ALBUM REVIEW: Retro Youth – B.R.A.V.E

Retro Youth are rapidly gaining fans thanks to their quirky sound, merging rock- pop and adding some groovy twangs for good measure. The trio recently released their debut album B.R.A.V.E via Independent Ear Records, here’s what we thought.

The Lost and Found kicks off the release with an infectious guitar intro, before we’re introduced to Kris J Davis out of sync vocals layered over the backline. There’s something unnatural about the flow of the track and as the backing vocals are introduced you feel your mind wander and struggle to fully focus on them. Hometown Homesick looks set to save the day with the funkiest guitar intro our ears have been blessed with in a very long time. Singing of the good old days when you’d be carefree, drink too much and just have a good time there’s a really catchy musical undertone to this track leaving you want to get up and boogie.

Known for their mismatch genre, Let It Burn feels very Lower Than Atlantis-esque showing a new side to Retro Youth. A sultry vocal effort from Davis and groovy guitar lines give us high hopes for this track, but as the chorus comes around it’s just a bit anti-climatic, keeping at one tempo throughout as you hang on for that big kick. We’re not too sure if we’re going to Love The Monster as a raw raspy vocal style is adopted, but the rockier enticing style steals the show and is one we can definitely back. If Davis saying “ssssparks” doesn’t send a shiver down your spine we’re going to be shocked. Title track Brave admittedly is very catchy thanks to the twirling guitar lines, but as far as clichéd lyrics go this is one of the worst offenders on the release: “I’m coming home and I promise you’ll never be alone” takes away all the good work the guitars have achieved.

Over half way through the release it’s been a rollercoaster so far, and we’re hoping to end on a high. Dream Alive flaunts the band’s nimble finger guitar lines, but by this point each track is beginning to merge into one undistinguishable blur with the odd snippet of quality material. Arguably the longest 1 minute and 49 seconds of your life comes with A Brief Moment Of Calm; on a 12 track debut album the trio should be attempting to captivate us, not send us to sleep.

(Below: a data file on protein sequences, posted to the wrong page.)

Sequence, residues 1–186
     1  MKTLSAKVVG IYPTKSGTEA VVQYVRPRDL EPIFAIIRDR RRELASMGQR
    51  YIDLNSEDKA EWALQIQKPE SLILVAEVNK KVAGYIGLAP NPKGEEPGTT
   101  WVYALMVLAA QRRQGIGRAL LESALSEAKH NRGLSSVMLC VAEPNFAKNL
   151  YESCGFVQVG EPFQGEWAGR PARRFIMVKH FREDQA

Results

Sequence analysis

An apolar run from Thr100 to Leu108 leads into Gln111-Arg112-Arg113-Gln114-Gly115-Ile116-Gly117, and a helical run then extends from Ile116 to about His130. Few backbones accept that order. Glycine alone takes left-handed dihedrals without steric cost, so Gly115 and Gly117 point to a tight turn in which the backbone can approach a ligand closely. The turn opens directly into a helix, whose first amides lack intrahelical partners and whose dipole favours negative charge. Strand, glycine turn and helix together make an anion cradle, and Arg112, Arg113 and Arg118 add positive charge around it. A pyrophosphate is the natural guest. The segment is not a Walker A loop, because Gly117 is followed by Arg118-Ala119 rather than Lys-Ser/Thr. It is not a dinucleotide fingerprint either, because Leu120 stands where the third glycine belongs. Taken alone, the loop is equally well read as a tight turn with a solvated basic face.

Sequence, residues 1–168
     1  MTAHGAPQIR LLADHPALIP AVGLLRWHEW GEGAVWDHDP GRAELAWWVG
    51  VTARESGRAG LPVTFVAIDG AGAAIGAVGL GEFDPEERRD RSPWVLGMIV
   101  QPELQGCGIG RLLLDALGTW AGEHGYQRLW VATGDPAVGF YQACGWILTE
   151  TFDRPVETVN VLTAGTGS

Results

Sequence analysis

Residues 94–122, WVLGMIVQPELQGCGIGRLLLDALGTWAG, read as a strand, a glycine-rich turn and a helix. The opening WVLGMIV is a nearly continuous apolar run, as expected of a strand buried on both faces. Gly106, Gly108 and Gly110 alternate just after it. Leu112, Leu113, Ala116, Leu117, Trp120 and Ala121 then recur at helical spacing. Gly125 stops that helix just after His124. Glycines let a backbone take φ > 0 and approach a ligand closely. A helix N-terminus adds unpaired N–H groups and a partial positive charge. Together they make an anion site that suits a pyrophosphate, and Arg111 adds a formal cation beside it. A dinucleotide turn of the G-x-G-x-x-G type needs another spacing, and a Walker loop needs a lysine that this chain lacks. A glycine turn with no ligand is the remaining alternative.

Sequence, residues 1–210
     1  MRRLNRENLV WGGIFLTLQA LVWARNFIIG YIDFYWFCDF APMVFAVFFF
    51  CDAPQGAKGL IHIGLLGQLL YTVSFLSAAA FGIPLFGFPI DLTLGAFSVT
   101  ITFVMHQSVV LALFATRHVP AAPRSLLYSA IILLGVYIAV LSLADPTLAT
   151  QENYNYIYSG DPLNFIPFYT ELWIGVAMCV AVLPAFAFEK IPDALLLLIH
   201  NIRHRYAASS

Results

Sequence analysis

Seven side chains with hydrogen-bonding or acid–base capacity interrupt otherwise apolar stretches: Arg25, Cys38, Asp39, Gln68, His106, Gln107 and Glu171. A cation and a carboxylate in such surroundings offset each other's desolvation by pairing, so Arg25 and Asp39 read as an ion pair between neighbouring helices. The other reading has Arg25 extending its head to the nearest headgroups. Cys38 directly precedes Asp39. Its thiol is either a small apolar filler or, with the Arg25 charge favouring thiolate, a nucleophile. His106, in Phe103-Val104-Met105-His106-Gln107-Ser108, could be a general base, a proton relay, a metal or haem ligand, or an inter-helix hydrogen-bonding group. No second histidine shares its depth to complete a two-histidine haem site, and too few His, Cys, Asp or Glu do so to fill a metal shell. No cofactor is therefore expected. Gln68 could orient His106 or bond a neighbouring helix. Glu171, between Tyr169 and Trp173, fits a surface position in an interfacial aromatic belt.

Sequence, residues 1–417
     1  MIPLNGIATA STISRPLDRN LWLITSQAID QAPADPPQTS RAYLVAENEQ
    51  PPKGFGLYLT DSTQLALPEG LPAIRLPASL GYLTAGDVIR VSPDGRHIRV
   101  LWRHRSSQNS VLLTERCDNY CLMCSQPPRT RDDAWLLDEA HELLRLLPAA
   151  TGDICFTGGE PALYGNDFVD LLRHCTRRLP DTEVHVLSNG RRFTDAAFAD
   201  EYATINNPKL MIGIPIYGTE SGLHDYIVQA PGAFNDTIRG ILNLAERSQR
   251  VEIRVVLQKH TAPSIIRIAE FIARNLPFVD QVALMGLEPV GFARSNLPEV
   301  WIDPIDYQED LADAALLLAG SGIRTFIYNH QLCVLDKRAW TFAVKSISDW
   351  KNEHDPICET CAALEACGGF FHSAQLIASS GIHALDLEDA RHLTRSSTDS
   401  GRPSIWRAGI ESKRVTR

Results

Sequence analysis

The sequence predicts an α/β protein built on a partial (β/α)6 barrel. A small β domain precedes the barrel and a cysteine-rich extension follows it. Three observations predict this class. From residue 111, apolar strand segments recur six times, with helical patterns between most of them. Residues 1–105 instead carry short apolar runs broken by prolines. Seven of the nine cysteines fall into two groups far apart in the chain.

With a name like Smile we’re hoping the release will get back on track, possessing the biggest chorus we’ve encountered it introduces a well needed singalong element. “I’m not the only one that’s ever been cheated on but I’m smiling while I’m leaving you,” sings of accepting that something has come to an end, which ultimately is the best conclusion. It appears the best tracks have been left until last as Bruises is upbeat, fiery and a step in a sound direction, which Retro Youth pull off with ease. Closing track A Long Time Coming gets beneath the skin making you bop along from the start, whilst strong vocals from Davis are driven by Alan Martin’s solid drumline and the backing vocals from Robin Burberry. The best is definitely saved ’til last on the trio’s debut album.

B.R.A.V.E may not have been the smoothest musical experience, but the quality of the tracks improve as the release goes on, as Retro Youth’s hone in on a suited style. For a debut album this is a promising start, yet with a little more style searching album number two can be an even stronger attempt.


Standout Tracks: Smile, A Long Time Coming

For Fans Of: Don Broco, Lower Than Atlantis, You Me At Six

Written By: Nicola Craig

Nicola Craig
Head of Live with an unwavering love for the seaside, live music and writing about others instead of myself. Twitter: @nicolalalalar